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Dependence on locums driving £131m hole in health service funding, watchdog warns

By Adrian Rutherford

Published 20/01/2016

Michaela Boyle, who chairs the PAC
Michaela Boyle, who chairs the PAC

Dependence on temporary staff is adding to the financial crisis facing Northern Ireland's health service, a watchdog has warned.

A report by Stormont's Public Accounts Committee (PAC) claimed health trusts could be facing a £131m funding gap.

It cited the growing use of locum staff, notably consultants, as a key driver in the spiralling costs.

The committee also found that almost £50m worth of contracts were awarded last year without a competitive tender process.

And it warned of a "culture of fear" that meant whistleblowers faced real problems in speaking out about the health service.

Michaela Boyle, who chairs the PAC, said: "Health and social care (HSC) bodies are facing an unprecedented financial squeeze.

"Although the HSC sector has been more generously funded than other areas of public spending over recent years, it faces increasing demand for its services."

The report found that using large numbers of locum doctors had significantly contributed to the spiralling costs.

This was particularly apparent within the Western Trust, where difficulties in recruiting and retaining permanent consultants put pressure on budgets.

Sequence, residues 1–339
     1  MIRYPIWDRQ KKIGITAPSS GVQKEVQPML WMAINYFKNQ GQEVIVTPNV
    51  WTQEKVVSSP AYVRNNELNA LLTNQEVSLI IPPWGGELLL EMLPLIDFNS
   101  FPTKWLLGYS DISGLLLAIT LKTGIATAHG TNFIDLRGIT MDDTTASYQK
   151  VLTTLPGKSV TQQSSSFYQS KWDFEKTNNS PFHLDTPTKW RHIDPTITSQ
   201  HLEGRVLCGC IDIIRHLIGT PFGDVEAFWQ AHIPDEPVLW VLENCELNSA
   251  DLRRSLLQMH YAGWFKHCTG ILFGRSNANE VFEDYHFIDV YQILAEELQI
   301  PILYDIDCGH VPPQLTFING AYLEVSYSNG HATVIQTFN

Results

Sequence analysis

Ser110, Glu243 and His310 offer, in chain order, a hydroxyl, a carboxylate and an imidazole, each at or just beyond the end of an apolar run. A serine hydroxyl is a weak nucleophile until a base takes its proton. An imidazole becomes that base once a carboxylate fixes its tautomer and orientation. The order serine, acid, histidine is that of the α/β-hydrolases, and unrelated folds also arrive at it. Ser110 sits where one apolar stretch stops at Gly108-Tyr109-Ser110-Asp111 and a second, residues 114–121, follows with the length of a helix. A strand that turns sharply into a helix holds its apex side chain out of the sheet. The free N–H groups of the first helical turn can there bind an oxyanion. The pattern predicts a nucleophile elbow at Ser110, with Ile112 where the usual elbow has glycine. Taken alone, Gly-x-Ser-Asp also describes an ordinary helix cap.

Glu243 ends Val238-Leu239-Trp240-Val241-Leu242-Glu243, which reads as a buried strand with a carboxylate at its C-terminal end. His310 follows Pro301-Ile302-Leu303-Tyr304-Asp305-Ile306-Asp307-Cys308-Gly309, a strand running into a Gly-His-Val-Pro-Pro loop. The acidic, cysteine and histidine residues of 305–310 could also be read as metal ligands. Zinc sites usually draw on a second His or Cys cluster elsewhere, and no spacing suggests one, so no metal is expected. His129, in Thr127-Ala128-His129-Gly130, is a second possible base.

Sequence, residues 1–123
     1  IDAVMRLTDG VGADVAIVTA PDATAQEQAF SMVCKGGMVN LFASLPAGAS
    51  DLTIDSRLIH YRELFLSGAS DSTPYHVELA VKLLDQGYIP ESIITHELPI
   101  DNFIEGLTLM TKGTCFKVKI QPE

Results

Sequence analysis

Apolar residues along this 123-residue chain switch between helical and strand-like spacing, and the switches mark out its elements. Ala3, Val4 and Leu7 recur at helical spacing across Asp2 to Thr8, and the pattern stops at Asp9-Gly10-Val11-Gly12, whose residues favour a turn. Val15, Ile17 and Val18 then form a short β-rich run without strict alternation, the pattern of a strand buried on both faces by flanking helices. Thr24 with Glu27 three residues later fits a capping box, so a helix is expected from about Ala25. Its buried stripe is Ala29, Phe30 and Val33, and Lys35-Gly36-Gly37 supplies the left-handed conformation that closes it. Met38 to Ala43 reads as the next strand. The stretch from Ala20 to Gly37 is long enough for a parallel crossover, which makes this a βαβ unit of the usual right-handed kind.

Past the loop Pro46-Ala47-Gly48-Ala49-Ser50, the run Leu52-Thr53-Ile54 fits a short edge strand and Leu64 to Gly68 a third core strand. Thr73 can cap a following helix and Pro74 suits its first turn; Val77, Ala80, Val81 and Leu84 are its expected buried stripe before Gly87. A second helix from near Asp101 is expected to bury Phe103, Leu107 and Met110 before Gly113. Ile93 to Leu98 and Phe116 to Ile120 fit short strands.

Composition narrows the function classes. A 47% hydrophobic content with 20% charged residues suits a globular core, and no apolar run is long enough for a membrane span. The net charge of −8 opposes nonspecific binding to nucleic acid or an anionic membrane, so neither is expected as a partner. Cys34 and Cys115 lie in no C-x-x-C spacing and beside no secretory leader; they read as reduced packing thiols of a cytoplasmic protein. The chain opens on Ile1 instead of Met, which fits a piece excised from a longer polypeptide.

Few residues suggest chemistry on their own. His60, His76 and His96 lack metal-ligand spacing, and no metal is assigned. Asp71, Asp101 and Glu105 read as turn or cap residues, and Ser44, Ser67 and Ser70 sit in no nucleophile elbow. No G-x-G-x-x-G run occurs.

The troubles were mirrored in widespread breaches of waiting times guidelines for elective, emergency and outpatient care.

The committee drew attention to key waiting times for cancer which were not being met.

No hospital was able to ensure that 95% of patients began their first cancer treatment within the standard 62 days.

The percentage of patients seen within 14 days of an urgent referral for breast cancer has also fallen from 84% in 2013/14 to 81% in 2014/15.

Ms Boyle said radical change was needed. "Putting the HSC trusts on a sustainable footing is a major challenge unless there is a significant change in funding or transformation of services," she added.

"One significant problem that the HSC trusts face is that they are unable to carry forward unused funds from one year to the next, impeding their ability to undertake longer-term financial planning."

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